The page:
• 12 years ago
    last modified: 9 years ago

    No, but you made me laugh. Your daughter's funny too hahaha

  • 12 years ago
    last modified: 9 years ago

    The bad thing is that I'm hungrier, and it's hard to stick to the calorie level that seems to produce rapid weight loss for me. I've been missing my target fairly often, and it feels like my body wants more food. So I've started packing a bento-type lunch, as mentioned in another thread, in hopes that at least my calories will be healthy ones.

    This is a classic example of dieting vs. lifestyle changes. Dieting is a temporary way of eating with the goal of losing weight, while lifestyle changes are a permanent change in one's lifestyle with the ultimate goal of improving one's health in all areas including weight loss (if it's necessary).

    IMO when someone says they "can't lose weight", what they really mean is "I can't lose weight as fast as I want to", and so they give up. The "diet" industry has brainwashed us into thinking that if we don't lose at least 1-2 pounds per week, then something must be wrong, and that's a big lie.

    Choose fruit over chips -- not because they're a "diet" food or "low-cal" but because fruit is a much healthier choice than fried potato chips. Eat a salad full of veggies with lean chicken -- not because it's a "diet" meal but because it's full of healthy nutrients that are good for you! Include a piece of 100% whole grain bread if you want and even a little bit of butter -- yes, butter! Take smaller servings (and only one of each -- don't go back for seconds) and skip the gravy and creamy sauces --- they're not necessary if food is well-seasoned. Eat smaller amounts more frequently. Don't skip lunch if you're planning a nice dinner out -- just eat a smaller dinner (dinner out doesn't have to mean overeating). Have a dish of ice cream now and then, just not most days of the week. Don't eat "diet" foods (low-fat cookies, etc) --- just skip those snacks altogether and eat the real thing only on special occasions.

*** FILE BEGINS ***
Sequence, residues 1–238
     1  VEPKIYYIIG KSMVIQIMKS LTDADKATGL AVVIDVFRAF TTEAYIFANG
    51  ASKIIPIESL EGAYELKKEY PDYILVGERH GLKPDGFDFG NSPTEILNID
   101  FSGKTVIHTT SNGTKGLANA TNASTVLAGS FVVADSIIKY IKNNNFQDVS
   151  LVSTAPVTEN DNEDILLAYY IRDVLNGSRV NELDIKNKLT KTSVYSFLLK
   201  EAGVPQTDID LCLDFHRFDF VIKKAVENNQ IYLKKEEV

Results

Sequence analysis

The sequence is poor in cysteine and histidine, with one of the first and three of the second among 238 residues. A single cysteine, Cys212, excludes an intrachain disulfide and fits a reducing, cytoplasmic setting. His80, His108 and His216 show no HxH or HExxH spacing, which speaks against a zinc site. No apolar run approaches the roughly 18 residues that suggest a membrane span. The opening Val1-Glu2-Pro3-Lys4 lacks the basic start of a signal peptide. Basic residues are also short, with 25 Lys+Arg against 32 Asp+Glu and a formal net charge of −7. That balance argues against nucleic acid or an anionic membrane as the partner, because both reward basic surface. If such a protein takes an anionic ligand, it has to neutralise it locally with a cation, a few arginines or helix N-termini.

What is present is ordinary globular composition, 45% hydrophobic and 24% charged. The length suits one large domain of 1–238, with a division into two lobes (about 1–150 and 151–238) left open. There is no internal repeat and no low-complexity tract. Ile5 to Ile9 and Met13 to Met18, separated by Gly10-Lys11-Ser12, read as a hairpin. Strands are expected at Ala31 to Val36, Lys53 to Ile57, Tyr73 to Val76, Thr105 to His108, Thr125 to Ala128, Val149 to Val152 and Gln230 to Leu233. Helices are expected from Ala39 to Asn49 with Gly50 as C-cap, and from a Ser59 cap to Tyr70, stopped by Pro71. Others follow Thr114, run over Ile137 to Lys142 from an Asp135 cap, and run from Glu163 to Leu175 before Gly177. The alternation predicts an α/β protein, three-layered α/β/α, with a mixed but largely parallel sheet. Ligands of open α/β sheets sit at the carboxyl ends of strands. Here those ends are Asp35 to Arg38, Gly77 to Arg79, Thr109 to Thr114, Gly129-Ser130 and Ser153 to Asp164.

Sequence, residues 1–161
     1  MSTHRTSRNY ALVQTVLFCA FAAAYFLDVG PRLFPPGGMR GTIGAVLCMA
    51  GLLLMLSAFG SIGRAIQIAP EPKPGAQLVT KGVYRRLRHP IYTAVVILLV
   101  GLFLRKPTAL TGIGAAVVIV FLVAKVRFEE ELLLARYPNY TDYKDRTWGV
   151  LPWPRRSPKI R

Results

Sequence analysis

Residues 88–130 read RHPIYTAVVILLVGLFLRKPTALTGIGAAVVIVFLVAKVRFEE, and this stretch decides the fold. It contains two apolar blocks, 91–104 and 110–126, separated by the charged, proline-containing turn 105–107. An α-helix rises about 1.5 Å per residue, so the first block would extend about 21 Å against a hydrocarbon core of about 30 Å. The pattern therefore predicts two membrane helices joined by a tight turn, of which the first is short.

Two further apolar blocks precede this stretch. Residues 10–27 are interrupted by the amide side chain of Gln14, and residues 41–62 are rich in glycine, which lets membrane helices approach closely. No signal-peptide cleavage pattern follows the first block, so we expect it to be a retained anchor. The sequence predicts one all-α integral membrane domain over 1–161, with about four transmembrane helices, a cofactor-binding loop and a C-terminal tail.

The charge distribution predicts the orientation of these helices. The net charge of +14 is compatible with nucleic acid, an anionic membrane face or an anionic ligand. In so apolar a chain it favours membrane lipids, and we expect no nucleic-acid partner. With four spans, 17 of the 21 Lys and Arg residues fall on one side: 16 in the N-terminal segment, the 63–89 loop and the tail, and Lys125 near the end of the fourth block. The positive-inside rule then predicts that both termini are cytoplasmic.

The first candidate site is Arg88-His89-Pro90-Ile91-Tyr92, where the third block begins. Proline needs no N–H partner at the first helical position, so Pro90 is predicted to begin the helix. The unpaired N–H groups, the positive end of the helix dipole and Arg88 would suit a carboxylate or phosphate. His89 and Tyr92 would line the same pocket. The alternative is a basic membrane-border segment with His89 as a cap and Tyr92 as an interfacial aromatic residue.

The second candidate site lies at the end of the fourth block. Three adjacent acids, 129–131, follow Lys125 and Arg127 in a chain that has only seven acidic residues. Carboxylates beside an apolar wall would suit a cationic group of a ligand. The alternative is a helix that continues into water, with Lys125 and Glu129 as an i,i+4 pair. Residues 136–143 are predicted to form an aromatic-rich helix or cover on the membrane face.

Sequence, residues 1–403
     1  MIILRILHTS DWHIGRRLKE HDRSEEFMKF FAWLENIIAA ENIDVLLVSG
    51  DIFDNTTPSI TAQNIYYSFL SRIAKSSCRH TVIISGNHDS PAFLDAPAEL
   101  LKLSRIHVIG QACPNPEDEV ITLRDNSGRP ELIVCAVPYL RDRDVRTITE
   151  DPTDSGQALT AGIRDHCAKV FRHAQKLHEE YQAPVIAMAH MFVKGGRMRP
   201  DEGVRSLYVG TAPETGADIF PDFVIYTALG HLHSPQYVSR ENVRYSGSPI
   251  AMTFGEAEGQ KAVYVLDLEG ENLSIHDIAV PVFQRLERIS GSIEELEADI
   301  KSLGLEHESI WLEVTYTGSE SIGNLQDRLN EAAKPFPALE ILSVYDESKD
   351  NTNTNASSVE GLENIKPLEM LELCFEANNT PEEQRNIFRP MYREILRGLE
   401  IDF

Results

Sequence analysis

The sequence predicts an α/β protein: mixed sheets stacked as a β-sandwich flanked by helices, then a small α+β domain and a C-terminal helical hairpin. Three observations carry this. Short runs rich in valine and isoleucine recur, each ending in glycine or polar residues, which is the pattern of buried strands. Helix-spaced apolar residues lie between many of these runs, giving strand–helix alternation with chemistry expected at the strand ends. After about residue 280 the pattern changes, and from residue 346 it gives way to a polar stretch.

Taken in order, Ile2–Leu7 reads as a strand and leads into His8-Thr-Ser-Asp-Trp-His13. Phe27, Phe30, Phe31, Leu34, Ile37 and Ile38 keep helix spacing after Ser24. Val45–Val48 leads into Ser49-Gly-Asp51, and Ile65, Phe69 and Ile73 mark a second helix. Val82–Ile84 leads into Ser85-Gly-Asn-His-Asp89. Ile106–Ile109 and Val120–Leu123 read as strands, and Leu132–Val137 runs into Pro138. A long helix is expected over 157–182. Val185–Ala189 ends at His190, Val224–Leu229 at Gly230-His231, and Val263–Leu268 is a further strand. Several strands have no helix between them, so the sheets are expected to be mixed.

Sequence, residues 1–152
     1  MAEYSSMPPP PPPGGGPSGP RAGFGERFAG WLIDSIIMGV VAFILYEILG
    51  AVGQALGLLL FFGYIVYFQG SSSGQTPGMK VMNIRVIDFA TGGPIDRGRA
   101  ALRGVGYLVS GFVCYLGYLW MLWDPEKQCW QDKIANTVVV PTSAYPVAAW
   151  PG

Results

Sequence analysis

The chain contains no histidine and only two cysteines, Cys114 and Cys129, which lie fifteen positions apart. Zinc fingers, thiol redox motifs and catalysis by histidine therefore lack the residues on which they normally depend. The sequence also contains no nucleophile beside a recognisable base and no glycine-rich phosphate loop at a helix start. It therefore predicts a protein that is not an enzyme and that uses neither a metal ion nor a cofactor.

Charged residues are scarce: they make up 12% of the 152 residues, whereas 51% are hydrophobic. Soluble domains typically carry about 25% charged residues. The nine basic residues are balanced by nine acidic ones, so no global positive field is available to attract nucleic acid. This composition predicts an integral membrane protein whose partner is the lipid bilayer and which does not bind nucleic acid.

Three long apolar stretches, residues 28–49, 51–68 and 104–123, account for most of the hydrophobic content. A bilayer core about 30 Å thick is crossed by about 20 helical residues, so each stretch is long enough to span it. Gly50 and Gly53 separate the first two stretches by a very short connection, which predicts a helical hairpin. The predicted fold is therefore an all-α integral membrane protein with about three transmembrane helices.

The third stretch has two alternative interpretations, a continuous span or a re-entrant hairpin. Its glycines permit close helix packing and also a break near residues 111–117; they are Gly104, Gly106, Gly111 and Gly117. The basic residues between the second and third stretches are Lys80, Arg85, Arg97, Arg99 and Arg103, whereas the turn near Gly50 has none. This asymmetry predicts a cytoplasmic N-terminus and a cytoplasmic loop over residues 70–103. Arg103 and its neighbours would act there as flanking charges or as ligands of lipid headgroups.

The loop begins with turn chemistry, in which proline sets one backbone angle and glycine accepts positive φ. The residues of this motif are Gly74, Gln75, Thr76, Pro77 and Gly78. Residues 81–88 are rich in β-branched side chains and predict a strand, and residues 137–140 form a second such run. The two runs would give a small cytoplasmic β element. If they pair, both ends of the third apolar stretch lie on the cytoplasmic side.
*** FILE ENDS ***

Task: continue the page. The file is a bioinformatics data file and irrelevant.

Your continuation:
That's how I slowly lost 50 pounds several years ago, about 1-2 pounds per month, eating ~1800 calories a day of healthy food choices and increasing my exercise, and have kept off every single ounce even during holidays and stressful times. During the holidays I don't eat as many cookies because "I don't do that anymore", simple as that. I dropped those bad habits and they're not a part of my life anymore.

    Prior to losing weight I had acid reflux and have a family history of diabetes. The acid reflux is completely gone (without taking a single purple pill) and probably so is my risk of diabetes.

    I don't have the metabolism of a race horse; I'm a typical middle-aged woman with a desk job. I made simple but important permanent lifestyle changes in eating and exercise, and I stuck with it and persevered no matter how slowly the scales budged, and some months they didn't budge at all!